The Time Has Come For An “All-In” Fee

Ben Raven - Director
The FCA confirmed this week it will introduce an all-in fee for the fund management industry.
What the regulator wants
The FCA wants to improve transparency and address “weak” price competition within the industry. A “standardised template of costs and charges” will be introduced and significantly, this template will include an estimate of transaction charges. Transaction charges do NOT currently have to be included in the Ongoing Charges Figure (OCF) published by fund managers, and this leads to an incredibly misleading representation of the true cost of owning a fund for a 12-month period. For more information about how much these additional transaction charges can amount to, see our previous blog entitled “Active Funds; why does nobody mention trading charges?”.
The FCA confirmed this week it will introduce an all-in fee for the fund management industry.
What the regulator wants
The FCA wants to improve transparency and address “weak” price competition within the industry. A “standardised template of costs and charges” will be introduced and significantly, this template will include an estimate of transaction charges. Transaction charges do NOT currently have to be included in the Ongoing Charges Figure (OCF) published by fund managers, and this leads to an incredibly misleading representation of the true cost of owning a fund for a 12-month period. For more information about how much these additional transaction charges can amount to, see our previous blog entitled “Active Funds; why does nobody mention trading charges?”.
Why they want it
The FCA has concluded that neither active nor passive funds outperform their benchmarks after their (all-in) costs and has found examples of “poor value for money products” in both active and passive strategies. Going hand in hand with this is the FCA’s reiterated concern that investor “awareness and focus on charges is mixed and often poor” and that there are a “significant number of retail investors who are not aware” of all the charges they pay for their asset management service.

What will happen to fund managers

Fund managers who have historically included the bare minimum within their OCFs will now need to include an estimate for transaction charges. This will result in drastic increases in the average manager’s OCF. Our research shows us that an average OCF for a traditional active manager will be in the region of 1% however the average trading charges on top of this can be as high as 2.5% (see our blog on trading charges). Therefore, some managers will be publishing a new OCF that is more than twice as high as their previous one.
Fund managers who have historically included the bare minimum within their OCFs will now need to include an estimate for transaction charges. This will result in drastic increases in the average manager’s OCF. Our research shows us that an average OCF for a traditional active manager will be in the region of 1% however the average trading charges on top of this can be as high as 2.5% (see our blog on trading charges). Therefore, some managers will be publishing a new OCF that is more than twice as high as their previous one.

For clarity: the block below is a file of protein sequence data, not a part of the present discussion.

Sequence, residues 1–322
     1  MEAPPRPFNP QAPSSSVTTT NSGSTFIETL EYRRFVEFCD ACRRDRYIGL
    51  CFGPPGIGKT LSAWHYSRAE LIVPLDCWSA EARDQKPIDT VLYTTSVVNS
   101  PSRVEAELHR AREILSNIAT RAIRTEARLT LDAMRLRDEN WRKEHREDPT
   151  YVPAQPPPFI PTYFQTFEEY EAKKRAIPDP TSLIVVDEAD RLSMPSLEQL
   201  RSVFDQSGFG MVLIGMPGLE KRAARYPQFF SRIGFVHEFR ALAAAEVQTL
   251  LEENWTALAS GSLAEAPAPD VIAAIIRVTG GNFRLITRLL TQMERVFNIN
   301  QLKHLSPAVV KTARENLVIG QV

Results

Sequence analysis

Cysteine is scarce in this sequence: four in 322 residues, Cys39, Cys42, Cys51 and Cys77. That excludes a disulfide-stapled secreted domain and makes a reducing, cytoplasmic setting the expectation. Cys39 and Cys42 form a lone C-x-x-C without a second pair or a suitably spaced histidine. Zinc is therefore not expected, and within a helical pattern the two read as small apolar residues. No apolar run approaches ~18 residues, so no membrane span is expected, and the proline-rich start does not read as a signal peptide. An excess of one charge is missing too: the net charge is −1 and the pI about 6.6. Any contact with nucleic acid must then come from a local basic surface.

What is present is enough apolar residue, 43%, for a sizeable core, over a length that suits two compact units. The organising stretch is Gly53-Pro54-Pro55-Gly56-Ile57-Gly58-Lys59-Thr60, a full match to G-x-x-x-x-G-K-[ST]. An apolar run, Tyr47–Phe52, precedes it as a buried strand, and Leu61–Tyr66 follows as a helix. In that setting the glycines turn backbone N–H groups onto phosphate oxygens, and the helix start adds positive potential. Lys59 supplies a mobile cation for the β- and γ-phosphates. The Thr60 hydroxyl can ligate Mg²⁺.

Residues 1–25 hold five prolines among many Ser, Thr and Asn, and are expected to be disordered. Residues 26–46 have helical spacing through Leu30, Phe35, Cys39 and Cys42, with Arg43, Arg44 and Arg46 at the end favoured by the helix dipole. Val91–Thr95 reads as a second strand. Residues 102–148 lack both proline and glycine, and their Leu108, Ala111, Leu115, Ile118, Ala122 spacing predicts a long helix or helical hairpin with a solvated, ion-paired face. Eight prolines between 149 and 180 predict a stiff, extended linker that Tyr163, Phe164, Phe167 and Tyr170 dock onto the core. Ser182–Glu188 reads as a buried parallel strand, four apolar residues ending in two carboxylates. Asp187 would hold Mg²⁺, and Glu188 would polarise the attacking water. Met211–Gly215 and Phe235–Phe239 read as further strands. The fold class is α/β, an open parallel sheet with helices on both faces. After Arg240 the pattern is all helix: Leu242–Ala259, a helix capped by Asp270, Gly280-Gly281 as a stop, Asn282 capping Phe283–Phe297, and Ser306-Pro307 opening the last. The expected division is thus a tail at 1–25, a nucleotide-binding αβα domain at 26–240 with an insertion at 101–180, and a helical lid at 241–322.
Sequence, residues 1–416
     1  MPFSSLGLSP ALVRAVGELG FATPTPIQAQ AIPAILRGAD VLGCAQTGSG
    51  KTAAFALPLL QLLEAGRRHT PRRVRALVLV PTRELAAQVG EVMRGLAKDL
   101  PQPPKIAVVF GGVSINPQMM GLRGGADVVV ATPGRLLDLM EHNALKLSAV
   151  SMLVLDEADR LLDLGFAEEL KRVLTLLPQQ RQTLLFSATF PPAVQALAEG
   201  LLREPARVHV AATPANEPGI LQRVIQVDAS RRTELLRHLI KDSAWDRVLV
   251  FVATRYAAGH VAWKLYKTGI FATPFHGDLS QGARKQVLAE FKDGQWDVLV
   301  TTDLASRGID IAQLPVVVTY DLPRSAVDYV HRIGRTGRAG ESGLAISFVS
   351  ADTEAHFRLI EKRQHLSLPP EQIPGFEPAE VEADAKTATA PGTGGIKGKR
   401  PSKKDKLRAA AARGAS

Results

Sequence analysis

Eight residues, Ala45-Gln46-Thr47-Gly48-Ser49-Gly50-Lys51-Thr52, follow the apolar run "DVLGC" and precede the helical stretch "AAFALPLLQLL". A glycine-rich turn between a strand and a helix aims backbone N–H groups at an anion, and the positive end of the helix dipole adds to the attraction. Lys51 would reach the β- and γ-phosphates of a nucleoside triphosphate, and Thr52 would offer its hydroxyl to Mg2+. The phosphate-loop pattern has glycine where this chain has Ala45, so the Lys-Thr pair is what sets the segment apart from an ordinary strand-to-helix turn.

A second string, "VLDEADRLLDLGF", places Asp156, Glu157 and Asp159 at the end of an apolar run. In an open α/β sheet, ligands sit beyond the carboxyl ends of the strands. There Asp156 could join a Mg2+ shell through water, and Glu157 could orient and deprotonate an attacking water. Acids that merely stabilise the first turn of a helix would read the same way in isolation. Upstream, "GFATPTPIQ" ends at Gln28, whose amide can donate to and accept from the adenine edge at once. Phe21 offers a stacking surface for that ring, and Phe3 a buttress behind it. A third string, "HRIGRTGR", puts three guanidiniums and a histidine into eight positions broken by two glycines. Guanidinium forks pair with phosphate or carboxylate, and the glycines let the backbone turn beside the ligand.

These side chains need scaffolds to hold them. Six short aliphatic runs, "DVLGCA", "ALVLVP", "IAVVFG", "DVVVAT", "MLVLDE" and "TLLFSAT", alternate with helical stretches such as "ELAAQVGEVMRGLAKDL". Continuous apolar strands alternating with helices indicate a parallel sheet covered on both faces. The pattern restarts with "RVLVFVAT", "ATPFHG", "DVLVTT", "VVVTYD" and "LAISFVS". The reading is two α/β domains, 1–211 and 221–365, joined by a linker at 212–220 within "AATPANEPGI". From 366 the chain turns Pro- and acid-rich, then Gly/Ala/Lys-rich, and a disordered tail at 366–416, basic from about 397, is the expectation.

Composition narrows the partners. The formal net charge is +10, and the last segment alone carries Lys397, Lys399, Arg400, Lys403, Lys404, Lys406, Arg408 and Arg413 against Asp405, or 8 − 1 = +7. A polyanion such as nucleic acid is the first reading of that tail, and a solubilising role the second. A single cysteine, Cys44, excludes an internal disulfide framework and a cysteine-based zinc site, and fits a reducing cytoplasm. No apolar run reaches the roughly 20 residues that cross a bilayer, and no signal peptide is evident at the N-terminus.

Tavistock’s Approach
Since inception Tavistock Wealth have constructed our flagship ACUMEN Portfolio range in the most cost and tax efficient manner possible. Our strategy is to actively trade a basket of ETFs and this is done via a UCITS compliant Open-Ended Investment Company (OEIC) fund structure. An OEIC structure means investors are exempt from CGT upon rebalancing the portfolio, exempt from stamp duty within the portfolio and are also immune to any dealing costs involved with purchasing ETFs directly through a platform. Our asset allocation is based on decades worth of backward and forward-looking data, and as such is not subject to the level of trading that one would typically associate with an active manager. Even when trades are placed, owing to the OEIC structure these trades are carried out in a fund structure which does not expose clients to significant additional transaction charges.
Since inception Tavistock Wealth have constructed our flagship ACUMEN Portfolio range in the most cost and tax efficient manner possible. Our strategy is to actively trade a basket of ETFs and this is done via a UCITS compliant Open-Ended Investment Company (OEIC) fund structure. An OEIC structure means investors are exempt from CGT upon rebalancing the portfolio, exempt from stamp duty within the portfolio and are also immune to any dealing costs involved with purchasing ETFs directly through a platform. Our asset allocation is based on decades worth of backward and forward-looking data, and as such is not subject to the level of trading that one would typically associate with an active manager. Even when trades are placed, owing to the OEIC structure these trades are carried out in a fund structure which does not expose clients to significant additional transaction charges.
We have always quoted our OCF inclusive of the underlying ETFs, our Annual Management Charge, all necessary operating expenses and the running costs of the OEIC structure.
Consequently, we believe our ACUMEN range to be amongst the most reliable methods of providing the “all-in” fee that the regulator is looking for.
This investment Blog is published and provided for informational purposes only. The information in the Blog constitutes the author’s own opinions. None of the information contained in the Blog constitutes a recommendation that any particular investment strategy is suitable for any specific person. Source of data: Tavistock Wealth Limited, Professional Adviser and Citywire.

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